Like clockwork, social media bot and troll accounts fired up on Twitter, tweeting hashtags like “#StopMorganLie”. Before long, Freeman was a trending topic, according to Hamilton68:
— (((aweisburd))) (@webradius) September 20, 2017
Then the story got picked up by what Russia experts term “useful idiots.” As Weisburd, Clint Watts, and J.M. Berger (the team that created the Hamilton68 dashboard) wrote in a 6 November 2016 explainer, “useful idiots” play a key role in circulating Russian propaganda in influence campaigns known as “active measures”:
Russian active measures use a blend of overt and covert channels to distribute political, financial, social, and calamitous messages (see above). During the Soviet era, “white” active measures were overt information outlets directly attributable to the Central Committee of the Communist Party of the Soviet Union. Today, RT and Sputnik push Kremlin-approved English-language news on television and the Internet. These outlets broadcast a mix of true information (the vast majority of content), manipulated or skewed stories, and strategically chosen falsehoods. RT’s slogan, “Question More,” aptly fits their reporting style — seeding ideas of conspiracy or wrongdoing without actually proving anything.
This “white” content provides ammunition for “gray” measures, which employ less overt outlets controlled by Russia, as well as so-called useful idiots that regurgitate Russian themes and “facts” without necessarily taking direction from Russia or collaborating in a fully informed manner.
During the Cold War, gray measures used semi-covert Communist parties, friendship societies, and non-governmental organizations to engage in party-to-party and people-to-people campaigns. Today, gray measures on social media include conspiracy websites, data dump websites, and seemingly credible news aggregators that amplify disinformation and misinformation.
Conspiracy sites include outlets such as InfoWars and Zero Hedge, along with a host of lesser-known sites that repeat and repackage the same basic content for both right- and left-wing consumers. Sometimes, these intermediaries will post the same stories on sites with opposite political orientations.
Conspiracy site InfoWars did indeed pick up the story. Editor-at-large Paul Joseph Watson wrote a post mirroring the story pushed by Tass, and then produced a three-minute YouTube rant in response, as did fellow conspiracy-pushing web site ZeroHedge.com. Before long, the Kremlin’s attack on Freeman became a prominent story in conventional news outlets the day after the committee launched, just as with the Seth Rich conspiracy.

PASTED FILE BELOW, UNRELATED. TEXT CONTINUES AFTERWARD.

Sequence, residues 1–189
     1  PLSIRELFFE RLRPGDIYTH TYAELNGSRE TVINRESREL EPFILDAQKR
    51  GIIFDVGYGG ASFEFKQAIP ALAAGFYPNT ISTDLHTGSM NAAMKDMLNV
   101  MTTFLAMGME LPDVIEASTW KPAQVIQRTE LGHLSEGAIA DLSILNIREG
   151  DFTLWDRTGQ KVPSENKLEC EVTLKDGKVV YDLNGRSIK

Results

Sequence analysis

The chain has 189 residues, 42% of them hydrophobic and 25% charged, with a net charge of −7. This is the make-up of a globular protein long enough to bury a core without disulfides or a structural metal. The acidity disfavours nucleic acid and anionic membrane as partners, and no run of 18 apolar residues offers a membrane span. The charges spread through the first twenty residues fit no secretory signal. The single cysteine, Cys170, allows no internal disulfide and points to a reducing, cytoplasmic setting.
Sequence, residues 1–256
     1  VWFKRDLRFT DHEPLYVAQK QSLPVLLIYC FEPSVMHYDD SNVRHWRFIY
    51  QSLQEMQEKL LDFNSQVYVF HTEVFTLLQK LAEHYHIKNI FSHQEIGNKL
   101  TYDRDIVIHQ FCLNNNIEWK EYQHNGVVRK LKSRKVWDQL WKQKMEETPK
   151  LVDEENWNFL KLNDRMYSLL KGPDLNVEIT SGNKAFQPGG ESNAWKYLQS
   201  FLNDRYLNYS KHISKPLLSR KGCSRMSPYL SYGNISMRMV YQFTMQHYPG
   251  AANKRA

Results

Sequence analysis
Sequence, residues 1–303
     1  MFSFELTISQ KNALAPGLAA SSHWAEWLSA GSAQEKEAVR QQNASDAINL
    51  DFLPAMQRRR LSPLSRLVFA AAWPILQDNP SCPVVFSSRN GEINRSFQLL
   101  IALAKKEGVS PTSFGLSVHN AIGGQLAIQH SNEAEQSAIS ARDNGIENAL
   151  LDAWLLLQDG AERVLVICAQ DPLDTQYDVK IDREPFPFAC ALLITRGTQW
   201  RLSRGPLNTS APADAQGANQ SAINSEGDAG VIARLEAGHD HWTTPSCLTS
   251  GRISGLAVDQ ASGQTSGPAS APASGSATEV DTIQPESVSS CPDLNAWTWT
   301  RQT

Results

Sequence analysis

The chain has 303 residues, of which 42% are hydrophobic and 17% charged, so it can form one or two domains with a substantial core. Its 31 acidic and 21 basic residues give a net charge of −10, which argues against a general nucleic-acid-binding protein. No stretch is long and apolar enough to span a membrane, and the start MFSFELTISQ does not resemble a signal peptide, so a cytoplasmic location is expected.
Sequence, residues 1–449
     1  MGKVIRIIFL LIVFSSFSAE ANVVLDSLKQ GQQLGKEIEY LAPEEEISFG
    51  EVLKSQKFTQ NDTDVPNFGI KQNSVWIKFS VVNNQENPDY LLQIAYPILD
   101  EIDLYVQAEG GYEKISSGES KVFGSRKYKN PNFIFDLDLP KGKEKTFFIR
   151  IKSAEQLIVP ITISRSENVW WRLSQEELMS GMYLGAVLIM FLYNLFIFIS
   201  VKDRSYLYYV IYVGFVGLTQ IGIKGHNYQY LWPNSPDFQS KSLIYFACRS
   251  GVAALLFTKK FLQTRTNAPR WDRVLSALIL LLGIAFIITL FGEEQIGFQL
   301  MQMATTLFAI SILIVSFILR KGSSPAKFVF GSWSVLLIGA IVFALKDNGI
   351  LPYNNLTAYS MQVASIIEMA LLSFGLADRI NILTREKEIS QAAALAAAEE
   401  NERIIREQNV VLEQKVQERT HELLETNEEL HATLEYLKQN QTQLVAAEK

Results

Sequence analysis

Speaking to NPR on 20 August 2017, Watts, a Fox Fellow at the Foreign Policy Research Institute and a former FBI agent, explained how Twitter is in this way a hugely effective platform for influencing the public, even if much of the public doesn’t use Twitter, because it is heavily used among journalists as well as propagandists. A topic trending on Twitter has the potential become ubiquitous simply because the news media follows it, and the Russians have learned to capitalize on that, Watts said:
….Twitter is the means by which you can disseminate a message globally the fastest. If you put something out on Twitter, mainstream news, TV producers, global media outlets – they are watching Twitter because they’re all trying to stay ahead of the news cycle. They then take news that comes from these sources. And then they build their stories out on mainstream outlets. So you’ll often hear Americans say, well, I’m not on Twitter, so I’m not being influenced. Actually, that’s not exactly how it works. Twitter is the best way to propagate a message across all social media. It is the best platform that you can use to get global dissemination.